Aha! Finally was able to download a Cee-Dee cover snap even if it does look like lang! Gee, I seem to remember a band also called Vietnam from the early-eighties, a self-proclaimed "no wave" group from Georgia back when that state was popping out zome of the least-Southern-sounding rock you could imagine! Anyway, when I saw that a band called Vietnam was playing at the CBGB Lounge a few months back I figured it couldn't be the same batch, but considering that the first Vietnam weren't exactly breaking office box records its not like the second ones weren't swiping their names on purpose...after all, look at how many groups there were with the names the Coachmen (at least five by my count), the Sonics (four), L-7 (three) and Destroy All Monster (two), and you know that none of 'em were exactly hitting the top of the pop charts at any given time so why should I bust the chops of these new Vietnam guys especially when they seemed like a pretty good act to begin with!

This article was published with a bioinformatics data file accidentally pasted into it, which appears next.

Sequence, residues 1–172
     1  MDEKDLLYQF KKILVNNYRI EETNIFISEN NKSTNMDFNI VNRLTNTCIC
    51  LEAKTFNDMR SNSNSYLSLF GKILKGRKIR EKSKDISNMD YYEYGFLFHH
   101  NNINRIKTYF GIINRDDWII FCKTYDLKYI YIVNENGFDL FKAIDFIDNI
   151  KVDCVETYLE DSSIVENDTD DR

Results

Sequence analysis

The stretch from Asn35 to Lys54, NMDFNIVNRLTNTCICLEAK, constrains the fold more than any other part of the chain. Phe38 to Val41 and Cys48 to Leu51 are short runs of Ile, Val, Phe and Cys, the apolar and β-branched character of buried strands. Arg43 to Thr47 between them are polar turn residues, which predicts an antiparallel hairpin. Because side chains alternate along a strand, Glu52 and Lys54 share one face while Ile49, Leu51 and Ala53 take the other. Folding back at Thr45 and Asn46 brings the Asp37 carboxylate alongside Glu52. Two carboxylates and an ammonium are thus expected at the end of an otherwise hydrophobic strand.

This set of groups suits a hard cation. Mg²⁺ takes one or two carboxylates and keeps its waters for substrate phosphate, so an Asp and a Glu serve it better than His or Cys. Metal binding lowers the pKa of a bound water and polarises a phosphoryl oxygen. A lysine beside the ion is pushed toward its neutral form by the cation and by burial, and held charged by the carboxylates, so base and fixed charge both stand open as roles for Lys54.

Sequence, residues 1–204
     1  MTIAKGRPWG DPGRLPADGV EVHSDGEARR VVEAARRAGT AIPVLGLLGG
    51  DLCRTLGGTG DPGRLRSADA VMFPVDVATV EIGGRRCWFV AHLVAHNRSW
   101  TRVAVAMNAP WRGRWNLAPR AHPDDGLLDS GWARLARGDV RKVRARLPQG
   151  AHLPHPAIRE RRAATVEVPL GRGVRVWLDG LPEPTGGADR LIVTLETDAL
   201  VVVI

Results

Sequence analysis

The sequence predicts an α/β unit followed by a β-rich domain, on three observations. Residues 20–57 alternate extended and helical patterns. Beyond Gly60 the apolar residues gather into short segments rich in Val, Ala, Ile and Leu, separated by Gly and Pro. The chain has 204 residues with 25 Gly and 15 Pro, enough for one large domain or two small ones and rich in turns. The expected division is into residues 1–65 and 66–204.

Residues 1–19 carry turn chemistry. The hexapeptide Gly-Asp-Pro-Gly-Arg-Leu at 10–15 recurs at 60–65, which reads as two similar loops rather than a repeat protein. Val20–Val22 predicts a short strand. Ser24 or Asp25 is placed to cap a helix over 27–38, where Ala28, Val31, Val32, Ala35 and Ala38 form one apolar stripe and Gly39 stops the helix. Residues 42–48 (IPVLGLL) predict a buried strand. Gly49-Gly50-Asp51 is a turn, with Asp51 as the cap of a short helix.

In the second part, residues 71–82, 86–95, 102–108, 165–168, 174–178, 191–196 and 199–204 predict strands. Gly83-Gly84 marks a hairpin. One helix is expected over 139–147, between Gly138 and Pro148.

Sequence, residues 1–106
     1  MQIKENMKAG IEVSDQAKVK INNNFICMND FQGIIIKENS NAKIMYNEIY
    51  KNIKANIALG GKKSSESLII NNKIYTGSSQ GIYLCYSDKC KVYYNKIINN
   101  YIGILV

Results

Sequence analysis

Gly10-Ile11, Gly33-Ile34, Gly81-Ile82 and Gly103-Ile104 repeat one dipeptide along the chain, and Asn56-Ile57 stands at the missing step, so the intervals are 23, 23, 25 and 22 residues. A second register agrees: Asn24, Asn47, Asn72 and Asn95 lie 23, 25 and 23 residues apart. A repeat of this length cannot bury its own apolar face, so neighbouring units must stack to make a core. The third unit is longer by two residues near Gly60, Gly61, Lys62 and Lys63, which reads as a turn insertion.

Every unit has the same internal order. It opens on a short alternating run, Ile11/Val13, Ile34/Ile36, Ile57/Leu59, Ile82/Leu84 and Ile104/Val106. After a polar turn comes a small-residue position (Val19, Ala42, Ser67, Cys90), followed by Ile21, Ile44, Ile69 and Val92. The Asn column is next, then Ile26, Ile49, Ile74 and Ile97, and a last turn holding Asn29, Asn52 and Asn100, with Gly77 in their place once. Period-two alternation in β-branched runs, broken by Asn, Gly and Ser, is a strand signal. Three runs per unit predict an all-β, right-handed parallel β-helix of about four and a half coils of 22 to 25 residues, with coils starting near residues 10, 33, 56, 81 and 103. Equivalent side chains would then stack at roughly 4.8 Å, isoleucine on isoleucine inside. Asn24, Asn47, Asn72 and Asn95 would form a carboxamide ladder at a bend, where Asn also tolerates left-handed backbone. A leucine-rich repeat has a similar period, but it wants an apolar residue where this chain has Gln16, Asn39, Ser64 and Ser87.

Anyway, like those Vietnam guys these guys are also from the South (Texas transplanted to En Why See) and are a duo as well, but that's where the similarities end. And although I gotta clobber them for evoking (albeit second-hand) the memory of Erma Bombeck (beyond-the-pale cutesy-drivel columnist and heroine of all myopic teachers and perennial Home Ec Club gals during my high school years) with the title of this thing I gotta congratulate Vietnam for evoking some of the better moments of sixties rockhood (electric Dylan, Velvets and blues-saturated Stones) w/o coming off as total eggheads. True, this one's eventually gonna get buried in the collection next to all those other quick-flash fixes and the vocals do tend to borrow too heavily from the alternative "My head's too heavy from last night's orgy and daddy's gonna cut off my trust fund" blooze, but these two (with the right percussive backing in the sparse Maureen Tucker vein) surprisingly do safisfy on this half-hour trek. Vietnam will probably fizzle out just like 99.999...% of their local brethren, but at least they put out this halfway-decent and listenable disque that doesn't borrow too much from the font of moderne-day alternative beyond-cliches.